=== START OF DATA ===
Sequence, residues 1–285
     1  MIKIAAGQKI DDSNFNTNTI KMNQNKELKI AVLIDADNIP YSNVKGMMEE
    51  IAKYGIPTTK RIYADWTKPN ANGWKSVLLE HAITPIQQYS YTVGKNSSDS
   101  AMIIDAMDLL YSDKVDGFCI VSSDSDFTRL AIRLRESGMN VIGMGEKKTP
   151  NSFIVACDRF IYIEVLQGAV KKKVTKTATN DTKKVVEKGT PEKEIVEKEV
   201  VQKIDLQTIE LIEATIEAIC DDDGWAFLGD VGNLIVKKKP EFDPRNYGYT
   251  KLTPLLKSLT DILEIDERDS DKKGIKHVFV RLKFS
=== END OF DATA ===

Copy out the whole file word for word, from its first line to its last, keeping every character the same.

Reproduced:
Sequence, residues 1–285
     1  MIKIAAGQKI DDSNFNTNTI KMNQNKELKI AVLIDADNIP YSNVKGMMEE
    51  IAKYGIPTTK RIYADWTKPN ANGWKSVLLE HAITPIQQYS YTVGKNSSDS
   101  AMIIDAMDLL YSDKVDGFCI VSSDSDFTRL AIRLRESGMN VIGMGEKKTP
   151  NSFIVACDRF IYIEVLQGAV KKKVTKTATN DTKKVVEKGT PEKEIVEKEV
   201  VQKIDLQTIE LIEATIEAIC DDDGWAFLGD VGNLIVKKKP EFDPRNYGYT
   251  KLTPLLKSLT DILEIDERDS DKKGIKHVFV RLKFS